Atom probe tomography was performed for material regions located at a distance of 2 mm below the top face of a standing LPBF sample; see Figure 2a. The results of the atom probe tomography demonstrated that the microstructure near the top of the samples contained clusters of Si and Mg atoms. When comparing the size and shape of these clusters to relevant literature data [22], it can be noted that the clustering sequence was at least in an intermediate stage. Even though the top of the as-built material was not artificially aged for an extended period during fabrication, the region nevertheless exhibited significant atom clustering. The tendency to form such clusters is probably driven by the heat stored in the already built structure as well as in the surrounding powder bed. Due to the low heat dissipation through the powder-bed, which results from the large interface area between the powder particles and the process gas, the heat dissipation to the sides of the build chamber is low. In addition, the high number of alloying elements lowers the thermal conductivity of aluminum alloys [34,37,38]. These two effects delay the final cooldown of the built samples and allow for a sufficiently long time to start precipitation hardening. The temperature-over-time schedule after the LPBF process corresponds to a direct-aging treatment, which was shown to shorten the time for clustering of Si and Mg atoms in age-hardenable Al–Si–Mg alloys. The beneficial clustering of Si and Mg atoms is another factor contributing to the outstanding materials strength of LPBF-AlSi in the as-built condition.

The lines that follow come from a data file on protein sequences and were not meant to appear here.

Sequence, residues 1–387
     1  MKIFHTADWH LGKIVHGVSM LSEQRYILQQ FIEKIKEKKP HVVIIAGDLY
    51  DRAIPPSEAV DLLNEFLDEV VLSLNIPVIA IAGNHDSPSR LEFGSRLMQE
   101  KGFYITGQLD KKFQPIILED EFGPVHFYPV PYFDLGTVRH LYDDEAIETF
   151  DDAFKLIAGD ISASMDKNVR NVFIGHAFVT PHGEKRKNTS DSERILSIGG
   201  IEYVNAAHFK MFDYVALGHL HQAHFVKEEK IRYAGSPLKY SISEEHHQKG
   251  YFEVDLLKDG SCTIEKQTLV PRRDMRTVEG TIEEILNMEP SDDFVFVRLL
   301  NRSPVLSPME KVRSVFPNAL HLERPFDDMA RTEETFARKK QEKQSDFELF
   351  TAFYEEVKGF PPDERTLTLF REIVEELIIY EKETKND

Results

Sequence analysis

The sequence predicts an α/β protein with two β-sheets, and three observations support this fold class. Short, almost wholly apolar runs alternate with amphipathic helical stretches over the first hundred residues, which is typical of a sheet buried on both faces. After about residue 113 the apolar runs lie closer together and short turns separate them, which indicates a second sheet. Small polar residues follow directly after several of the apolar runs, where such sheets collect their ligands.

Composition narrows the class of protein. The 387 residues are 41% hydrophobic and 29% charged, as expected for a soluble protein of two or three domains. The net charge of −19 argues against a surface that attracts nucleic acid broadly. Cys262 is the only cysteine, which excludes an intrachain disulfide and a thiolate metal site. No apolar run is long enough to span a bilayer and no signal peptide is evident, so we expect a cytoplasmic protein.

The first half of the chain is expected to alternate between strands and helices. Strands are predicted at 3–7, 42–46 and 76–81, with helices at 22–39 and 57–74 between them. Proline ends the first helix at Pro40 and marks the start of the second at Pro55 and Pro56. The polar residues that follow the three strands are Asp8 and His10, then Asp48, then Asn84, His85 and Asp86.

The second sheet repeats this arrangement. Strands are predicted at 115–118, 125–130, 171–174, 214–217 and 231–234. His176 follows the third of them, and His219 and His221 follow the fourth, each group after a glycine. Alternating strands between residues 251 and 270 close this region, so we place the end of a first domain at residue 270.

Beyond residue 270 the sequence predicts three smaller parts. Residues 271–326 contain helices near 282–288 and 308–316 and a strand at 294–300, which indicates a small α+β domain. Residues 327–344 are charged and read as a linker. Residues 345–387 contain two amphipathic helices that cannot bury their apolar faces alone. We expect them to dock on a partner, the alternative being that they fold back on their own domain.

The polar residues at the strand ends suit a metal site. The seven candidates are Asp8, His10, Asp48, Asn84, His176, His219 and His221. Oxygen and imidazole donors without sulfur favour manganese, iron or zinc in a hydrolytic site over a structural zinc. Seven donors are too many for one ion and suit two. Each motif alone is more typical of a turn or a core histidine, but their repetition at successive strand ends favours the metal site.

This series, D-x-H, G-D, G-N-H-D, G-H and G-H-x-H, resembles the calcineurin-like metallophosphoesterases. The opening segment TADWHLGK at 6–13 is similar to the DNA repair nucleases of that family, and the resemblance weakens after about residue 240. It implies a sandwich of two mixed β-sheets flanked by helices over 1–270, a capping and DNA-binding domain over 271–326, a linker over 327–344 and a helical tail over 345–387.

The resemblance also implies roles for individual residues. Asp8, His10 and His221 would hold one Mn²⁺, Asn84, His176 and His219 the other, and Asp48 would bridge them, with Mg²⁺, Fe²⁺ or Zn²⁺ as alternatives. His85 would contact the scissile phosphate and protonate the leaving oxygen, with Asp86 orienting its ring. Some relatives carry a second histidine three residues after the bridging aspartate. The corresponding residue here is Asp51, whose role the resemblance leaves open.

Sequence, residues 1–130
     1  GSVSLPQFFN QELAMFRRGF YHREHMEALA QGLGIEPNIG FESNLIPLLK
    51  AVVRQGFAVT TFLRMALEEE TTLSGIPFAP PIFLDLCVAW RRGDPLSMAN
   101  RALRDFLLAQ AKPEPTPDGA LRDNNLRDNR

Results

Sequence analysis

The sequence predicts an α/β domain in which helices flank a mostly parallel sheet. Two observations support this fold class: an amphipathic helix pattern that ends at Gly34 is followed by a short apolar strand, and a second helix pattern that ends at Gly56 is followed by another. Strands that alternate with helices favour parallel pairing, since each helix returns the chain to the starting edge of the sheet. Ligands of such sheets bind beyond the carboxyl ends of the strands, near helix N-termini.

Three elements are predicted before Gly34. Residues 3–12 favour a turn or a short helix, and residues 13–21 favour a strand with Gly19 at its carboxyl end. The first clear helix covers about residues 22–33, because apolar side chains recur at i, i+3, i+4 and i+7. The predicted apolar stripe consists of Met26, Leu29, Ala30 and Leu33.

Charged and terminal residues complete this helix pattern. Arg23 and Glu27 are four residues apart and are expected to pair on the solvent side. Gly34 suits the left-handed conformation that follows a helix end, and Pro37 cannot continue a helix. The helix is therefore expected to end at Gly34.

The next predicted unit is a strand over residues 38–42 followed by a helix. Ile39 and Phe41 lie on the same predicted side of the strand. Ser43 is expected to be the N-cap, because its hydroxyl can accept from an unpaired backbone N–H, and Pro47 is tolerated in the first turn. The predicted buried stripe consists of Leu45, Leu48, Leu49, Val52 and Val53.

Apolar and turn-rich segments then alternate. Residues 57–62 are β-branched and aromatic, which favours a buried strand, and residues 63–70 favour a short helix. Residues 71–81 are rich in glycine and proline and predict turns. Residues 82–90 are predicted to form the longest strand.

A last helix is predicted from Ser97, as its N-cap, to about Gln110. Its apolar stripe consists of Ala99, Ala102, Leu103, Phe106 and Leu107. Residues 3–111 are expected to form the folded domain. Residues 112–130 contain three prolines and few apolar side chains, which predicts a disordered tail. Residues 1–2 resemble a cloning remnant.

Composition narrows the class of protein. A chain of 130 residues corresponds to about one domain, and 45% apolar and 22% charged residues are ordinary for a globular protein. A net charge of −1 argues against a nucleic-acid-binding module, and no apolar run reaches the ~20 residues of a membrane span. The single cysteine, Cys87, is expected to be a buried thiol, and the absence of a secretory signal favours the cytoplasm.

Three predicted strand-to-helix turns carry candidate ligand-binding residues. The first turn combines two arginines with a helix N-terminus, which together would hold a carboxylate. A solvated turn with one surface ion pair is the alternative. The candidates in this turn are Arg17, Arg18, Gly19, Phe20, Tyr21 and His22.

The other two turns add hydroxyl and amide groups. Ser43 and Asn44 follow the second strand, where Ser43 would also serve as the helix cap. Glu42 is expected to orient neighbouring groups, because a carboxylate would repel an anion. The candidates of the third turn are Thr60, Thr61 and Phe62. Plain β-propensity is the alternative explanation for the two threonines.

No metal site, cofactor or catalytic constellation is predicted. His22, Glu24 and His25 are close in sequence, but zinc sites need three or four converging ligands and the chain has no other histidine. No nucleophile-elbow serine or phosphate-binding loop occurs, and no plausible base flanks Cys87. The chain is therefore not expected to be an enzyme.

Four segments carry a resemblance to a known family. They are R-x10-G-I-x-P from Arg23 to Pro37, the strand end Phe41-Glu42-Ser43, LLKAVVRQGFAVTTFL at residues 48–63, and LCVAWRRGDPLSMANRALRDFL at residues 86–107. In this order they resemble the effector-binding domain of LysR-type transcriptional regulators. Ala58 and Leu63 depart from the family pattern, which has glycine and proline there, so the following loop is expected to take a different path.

The LPBF microstructure undergoes a complete transformation within the first 45 to 60 minutes of solution annealing, during which the α-Al grains  coarsened  significantly  (Figures 7 and 9). This coarsening is a result of the absence of the finely dispersed Si-particles along the α-Al boundaries, which agglomerated to enlarged Si particles and were preferably located at the heat affected zones in the material at as-built condition. Lowering the solution annealing temperature to slow down the coarsening process was reported to be detrimental regarding achievable material strength and hardness [39].

Figure 9. Development of the microstructure of laser powder-bed fused AlSi10Mg samples during solution annealing at 540°C. The gradual transformation from the distinct layered structure to a more homogeneous structure is shown.

5 Conclusions